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Behavior of Wolbachia endosymbionts from Drosophila simulans in Drosophila serrata, a novel host

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Published
<mark>Journal publication date</mark>05/1997
<mark>Journal</mark>The American Naturalist
Issue number5
Volume149
Number of pages14
Pages (from-to)975-988
Publication statusPublished
Original languageEnglish

Abstract

Many species harbor the incompatibility-inducing microbe Wolbachia, a maternally inherited endoparasite that causes reduced egg hatch in crosses between infected males and uninfected females. Infected females are immune to this effect, which gives them a relative fitness advantage that results in the spread of the infection. The strength of incompatibility, fitness deficits associated with the infection, and transmission rate from mother to offspring largely determine the rate and extent of spread of Wolbachia in a population. We transferred Wolbachia from Drosophila simulans to Drosophila serrata, a novel host, and compared parameter estimates with those from three naturally occurring Drosophila-Wolbachia associations believed to be of different ages. Transfected D. serrata showed strong incompatibility, low transmission efficiency, and an associated fitness deficit, and they would probably be unable to spread in nature. The comparisons generally supported the predicted evolution of a host-Wolbachia association. The parameters peculiar to any given host-Wolbachia association may determine whether the microbial strain can spread in that host.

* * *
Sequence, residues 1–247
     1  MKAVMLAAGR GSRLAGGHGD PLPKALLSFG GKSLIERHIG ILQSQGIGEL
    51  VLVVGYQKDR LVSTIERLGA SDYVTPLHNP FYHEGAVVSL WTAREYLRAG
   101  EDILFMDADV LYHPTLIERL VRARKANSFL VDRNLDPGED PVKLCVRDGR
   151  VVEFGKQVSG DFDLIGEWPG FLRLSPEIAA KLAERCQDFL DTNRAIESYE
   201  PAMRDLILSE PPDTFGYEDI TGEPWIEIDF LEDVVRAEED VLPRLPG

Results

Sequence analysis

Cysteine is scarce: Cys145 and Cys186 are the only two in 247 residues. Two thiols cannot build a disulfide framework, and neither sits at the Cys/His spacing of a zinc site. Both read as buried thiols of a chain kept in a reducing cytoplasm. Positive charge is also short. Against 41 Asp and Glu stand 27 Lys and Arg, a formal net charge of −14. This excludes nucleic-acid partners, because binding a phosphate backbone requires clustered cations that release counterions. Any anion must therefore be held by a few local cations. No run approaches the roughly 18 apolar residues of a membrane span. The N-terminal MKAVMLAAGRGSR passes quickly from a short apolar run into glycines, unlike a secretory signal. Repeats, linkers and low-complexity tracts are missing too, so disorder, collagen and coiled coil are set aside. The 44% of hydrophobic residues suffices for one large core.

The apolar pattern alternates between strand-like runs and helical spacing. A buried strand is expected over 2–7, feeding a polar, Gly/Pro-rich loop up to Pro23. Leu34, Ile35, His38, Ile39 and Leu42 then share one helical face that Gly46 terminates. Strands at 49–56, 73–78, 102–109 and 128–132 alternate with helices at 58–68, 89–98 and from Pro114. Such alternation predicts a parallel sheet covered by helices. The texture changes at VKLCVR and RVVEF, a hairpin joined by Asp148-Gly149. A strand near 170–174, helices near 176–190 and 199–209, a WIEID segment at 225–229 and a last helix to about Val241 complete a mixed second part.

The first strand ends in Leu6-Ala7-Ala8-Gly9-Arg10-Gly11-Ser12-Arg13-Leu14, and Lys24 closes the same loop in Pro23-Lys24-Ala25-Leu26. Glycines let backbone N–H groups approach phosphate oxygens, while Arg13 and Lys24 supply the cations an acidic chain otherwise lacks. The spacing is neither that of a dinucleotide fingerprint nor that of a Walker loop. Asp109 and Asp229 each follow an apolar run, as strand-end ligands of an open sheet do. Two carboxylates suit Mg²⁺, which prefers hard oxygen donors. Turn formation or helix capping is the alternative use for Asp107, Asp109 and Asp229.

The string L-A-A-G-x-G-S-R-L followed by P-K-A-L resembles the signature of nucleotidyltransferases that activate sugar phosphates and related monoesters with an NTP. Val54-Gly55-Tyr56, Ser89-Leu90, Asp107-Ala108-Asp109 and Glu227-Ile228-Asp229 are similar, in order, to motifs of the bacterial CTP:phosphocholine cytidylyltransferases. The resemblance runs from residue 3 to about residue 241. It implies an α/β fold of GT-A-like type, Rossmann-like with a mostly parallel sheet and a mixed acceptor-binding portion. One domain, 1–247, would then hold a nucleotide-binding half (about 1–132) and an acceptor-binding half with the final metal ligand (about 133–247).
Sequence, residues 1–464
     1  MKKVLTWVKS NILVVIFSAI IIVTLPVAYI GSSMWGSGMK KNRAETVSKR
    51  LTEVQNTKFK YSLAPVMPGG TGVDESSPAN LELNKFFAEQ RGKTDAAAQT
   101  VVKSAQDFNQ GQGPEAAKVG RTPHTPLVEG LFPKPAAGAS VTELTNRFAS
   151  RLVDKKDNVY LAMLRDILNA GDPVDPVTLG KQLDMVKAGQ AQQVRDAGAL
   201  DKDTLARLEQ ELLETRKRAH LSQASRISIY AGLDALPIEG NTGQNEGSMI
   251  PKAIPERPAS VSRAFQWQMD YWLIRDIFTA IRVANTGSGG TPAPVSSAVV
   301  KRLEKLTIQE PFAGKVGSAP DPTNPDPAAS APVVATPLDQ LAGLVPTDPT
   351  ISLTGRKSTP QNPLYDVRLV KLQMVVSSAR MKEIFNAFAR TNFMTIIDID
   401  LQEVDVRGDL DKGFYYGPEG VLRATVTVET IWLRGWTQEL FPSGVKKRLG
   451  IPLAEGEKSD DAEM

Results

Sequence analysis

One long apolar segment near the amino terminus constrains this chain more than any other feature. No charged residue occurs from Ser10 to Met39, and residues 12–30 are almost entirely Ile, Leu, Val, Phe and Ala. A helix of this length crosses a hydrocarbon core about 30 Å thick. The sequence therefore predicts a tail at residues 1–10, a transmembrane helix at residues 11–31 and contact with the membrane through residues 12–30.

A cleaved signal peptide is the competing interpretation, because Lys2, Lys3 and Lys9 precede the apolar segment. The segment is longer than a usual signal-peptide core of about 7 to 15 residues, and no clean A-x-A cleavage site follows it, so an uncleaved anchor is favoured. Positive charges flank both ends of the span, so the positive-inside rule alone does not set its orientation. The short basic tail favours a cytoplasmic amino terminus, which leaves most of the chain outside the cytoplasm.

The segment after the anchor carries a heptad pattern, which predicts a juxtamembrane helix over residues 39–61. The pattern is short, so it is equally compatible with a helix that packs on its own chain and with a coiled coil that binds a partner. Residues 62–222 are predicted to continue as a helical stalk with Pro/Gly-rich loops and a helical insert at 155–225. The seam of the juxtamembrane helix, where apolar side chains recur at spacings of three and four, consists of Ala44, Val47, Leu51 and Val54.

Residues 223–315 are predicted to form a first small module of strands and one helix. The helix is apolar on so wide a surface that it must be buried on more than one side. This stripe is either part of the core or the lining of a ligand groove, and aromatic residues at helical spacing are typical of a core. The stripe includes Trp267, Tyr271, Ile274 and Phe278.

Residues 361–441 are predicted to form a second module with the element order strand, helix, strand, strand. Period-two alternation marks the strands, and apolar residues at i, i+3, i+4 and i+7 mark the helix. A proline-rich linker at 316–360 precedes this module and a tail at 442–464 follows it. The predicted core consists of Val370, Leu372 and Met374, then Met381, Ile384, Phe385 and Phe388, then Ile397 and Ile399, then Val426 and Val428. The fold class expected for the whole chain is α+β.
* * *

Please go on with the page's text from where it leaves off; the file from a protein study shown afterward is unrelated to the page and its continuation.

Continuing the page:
Bibliographic note

May Behavior of Wolbachia endosymbionts from Drosophila simulans in Drosophila serrata, a novel host